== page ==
I am looking at a slightly different method of rotating the monitor, that I do not believe anyone else has tried yet - using a car electric/power window mechanism and a lazy susan bearing, the window winder mechanism providing 90 degrees of rotation by pushing on a corner of the monitor at about a 45 degree angle, still need to mock it all up to see what other parts may be required.

The mechanism I am using has geared rotation that is turned into straight line movement by levers/arms, (scissor action) I will probably not use all of these "arms" but will need the attachment point on the monitor board to be able to pivot.

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Re: MRotateUSB (USB board is chosen)
« Reply #35 on: May 06, 2011, 04:37:32 pm »
L298 Stepper driver is also available from Ebay for $15.88 (free international shipping):

http://cgi.ebay.co.uk/L298N-Stepper-Motor-Driver-Controller-Board-Module-DC-/270725603284?pt=LH_DefaultDomain_0&hash=item3f0880dfd4#ht_2987wt_948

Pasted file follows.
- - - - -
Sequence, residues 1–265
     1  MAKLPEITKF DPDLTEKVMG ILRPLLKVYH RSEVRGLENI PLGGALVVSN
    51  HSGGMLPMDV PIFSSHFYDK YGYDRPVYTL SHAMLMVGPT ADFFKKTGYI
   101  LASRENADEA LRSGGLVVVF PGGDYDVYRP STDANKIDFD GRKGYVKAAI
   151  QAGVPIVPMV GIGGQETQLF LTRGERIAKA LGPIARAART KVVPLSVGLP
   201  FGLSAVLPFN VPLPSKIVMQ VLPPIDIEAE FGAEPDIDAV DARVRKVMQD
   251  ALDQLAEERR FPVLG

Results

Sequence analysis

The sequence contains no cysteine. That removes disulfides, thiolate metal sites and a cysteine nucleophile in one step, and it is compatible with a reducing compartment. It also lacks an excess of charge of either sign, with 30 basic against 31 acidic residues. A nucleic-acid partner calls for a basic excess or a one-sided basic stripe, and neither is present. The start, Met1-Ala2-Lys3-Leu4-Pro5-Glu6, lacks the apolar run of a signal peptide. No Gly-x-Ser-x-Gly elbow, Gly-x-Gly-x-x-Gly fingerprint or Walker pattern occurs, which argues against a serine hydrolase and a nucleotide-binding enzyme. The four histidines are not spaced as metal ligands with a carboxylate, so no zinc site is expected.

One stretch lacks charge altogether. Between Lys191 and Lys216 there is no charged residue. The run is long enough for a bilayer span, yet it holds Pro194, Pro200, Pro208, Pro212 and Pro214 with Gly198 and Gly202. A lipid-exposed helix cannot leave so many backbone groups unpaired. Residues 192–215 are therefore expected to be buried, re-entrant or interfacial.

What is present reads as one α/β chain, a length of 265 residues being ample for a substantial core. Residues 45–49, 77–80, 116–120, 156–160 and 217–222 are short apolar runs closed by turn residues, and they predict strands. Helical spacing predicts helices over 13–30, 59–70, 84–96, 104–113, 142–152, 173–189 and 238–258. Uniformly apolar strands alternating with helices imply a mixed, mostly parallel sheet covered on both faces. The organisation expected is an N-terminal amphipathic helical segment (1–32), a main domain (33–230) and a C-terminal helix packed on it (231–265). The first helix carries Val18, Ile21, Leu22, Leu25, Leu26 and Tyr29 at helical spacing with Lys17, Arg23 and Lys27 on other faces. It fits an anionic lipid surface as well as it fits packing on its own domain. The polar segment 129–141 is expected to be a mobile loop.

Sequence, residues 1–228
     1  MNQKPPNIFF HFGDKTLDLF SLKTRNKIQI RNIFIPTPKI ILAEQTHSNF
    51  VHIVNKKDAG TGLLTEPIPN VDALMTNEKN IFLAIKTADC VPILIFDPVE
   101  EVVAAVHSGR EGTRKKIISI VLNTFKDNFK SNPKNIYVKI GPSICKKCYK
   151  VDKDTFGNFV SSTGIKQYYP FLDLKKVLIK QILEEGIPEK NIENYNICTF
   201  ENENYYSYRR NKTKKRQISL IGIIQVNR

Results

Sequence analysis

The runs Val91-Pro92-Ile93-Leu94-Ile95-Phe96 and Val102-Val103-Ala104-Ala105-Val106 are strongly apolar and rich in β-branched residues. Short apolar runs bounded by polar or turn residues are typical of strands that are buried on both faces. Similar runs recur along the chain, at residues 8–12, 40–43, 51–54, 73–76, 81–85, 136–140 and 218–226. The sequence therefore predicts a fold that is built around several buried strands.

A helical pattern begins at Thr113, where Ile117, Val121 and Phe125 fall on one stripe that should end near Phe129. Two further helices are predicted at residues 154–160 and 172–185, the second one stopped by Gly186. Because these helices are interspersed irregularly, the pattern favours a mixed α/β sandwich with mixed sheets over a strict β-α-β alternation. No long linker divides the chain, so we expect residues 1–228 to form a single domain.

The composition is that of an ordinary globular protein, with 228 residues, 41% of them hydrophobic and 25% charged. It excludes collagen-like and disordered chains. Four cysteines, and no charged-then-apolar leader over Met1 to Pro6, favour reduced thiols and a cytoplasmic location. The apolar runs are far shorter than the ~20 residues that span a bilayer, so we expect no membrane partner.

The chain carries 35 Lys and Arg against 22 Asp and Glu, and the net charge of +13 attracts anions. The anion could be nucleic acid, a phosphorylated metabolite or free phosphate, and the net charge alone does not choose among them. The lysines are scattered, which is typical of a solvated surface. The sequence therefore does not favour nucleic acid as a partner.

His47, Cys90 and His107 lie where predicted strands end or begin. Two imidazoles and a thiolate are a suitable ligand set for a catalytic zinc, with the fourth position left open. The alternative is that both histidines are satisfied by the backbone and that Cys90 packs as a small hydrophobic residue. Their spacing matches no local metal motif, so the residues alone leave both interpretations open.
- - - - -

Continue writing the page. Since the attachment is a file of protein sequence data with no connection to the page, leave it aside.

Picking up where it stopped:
Potentially cheaper auctions starting at $0.01 and 4.99 shipping.

Cheap enough if you only require 1, personally I am still looking for cheaper stepper drivers, either building my own partly or completely, depending on what parts are used.

I am currently designing several CNC machines, and although prepared to pay decent money (200) for 6 x 4.2A drivers for my 8'x4' 4/5 axis wood machine that will probably cost me 1500 including all  motors and electronics. However I object to paying 35+ for a 4 axis board for a desktop machine or foam wire cutter with less than 200 in parts including motors.

I am also looking to build a MAME cabinet with a rotating monitor - hence my interest in this thread.

I originally designed a cocktail cabinet and then decided to go with something more like Kneivel's "Woody" but with a rotating monitor and maybe even rotating controls (still undecided on that part).